Social Media on Divorce Corp.

Sometimes people just make sense, including bloggers!

Diana Mercer, co-author of Divorce Works, shared this perfect example on HuffPost:  Link to full article here.

“You don’t have to opt into the litigation system. You don’t have to roll the dice on the judge you’re assigned to, the custody evaluator appointed, and having to pay fees upon fees. You can opt out. And it’s not difficult to opt out. There are lots of choices.

But divorcing people are scared. They’re scared of the future, of the unknown, of the things that their spouse might do.

What most don’t realize is that they really have nothing to fear but fear itself (and maybe litigation lawyers). When a gladiator lawyer says,“I’ll protect you”, the temptation is to believe it. And while I still believe most lawyers really mean that, the truth is that divorce is a business, and lawyers can’t keep their offices open when clients can’t pay. And almost every client runs out of money eventually. Even the wealthy McCourts ended up in bankruptcy after their LA Dodgers-centered divorce fight.”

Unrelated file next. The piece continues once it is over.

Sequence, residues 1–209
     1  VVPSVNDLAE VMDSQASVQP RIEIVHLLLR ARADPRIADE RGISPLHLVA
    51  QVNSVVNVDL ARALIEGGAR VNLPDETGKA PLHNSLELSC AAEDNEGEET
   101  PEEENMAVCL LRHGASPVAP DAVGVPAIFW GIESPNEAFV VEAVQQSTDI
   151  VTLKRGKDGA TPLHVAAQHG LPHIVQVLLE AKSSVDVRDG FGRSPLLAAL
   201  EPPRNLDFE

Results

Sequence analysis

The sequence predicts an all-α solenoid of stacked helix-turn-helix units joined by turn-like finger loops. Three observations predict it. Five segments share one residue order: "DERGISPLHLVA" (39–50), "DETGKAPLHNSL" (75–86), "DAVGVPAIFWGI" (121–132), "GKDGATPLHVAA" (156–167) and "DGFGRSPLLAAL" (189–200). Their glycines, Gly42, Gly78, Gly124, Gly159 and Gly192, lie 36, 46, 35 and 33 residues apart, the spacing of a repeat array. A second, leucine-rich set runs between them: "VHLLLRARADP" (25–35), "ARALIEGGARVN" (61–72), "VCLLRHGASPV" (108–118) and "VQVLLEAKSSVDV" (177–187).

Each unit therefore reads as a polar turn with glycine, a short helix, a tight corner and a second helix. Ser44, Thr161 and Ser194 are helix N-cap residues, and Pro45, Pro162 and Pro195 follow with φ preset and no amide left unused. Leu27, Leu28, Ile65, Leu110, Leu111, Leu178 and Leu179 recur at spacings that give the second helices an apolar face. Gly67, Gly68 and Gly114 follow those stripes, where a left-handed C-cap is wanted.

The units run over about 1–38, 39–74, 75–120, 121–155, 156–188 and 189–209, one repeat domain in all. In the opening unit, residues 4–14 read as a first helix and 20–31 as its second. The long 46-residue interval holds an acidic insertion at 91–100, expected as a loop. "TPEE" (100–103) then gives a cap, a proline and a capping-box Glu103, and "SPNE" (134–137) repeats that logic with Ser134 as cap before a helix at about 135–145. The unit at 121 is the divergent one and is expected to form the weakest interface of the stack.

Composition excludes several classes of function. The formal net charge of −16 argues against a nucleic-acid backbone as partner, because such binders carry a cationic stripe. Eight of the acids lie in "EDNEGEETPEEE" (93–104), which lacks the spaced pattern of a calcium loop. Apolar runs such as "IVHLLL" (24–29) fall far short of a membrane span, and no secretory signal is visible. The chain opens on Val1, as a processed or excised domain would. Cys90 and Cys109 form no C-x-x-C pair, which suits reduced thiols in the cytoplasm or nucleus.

Another excerpt:

“I finally saw Divorce Corp. Finally. After much banter on Facebook, a barrage of emails, aNew York Times article, and the Huffington Post’s own Paul Raeburn’s review of the film, I finally saw what all the fuss is about.

Finally someone is shaking the snow globe.

Is everything in Divorce Corp. indicative of how litigation works in every case? Of course not. But it does illustrate that when you go to court you take your chances. Are the judges biased? Are they corrupt? Probably not, but you never know. Is your child custody evaluator an extortionist? Probably not, but maybe. And you won’t find out until after the fact.

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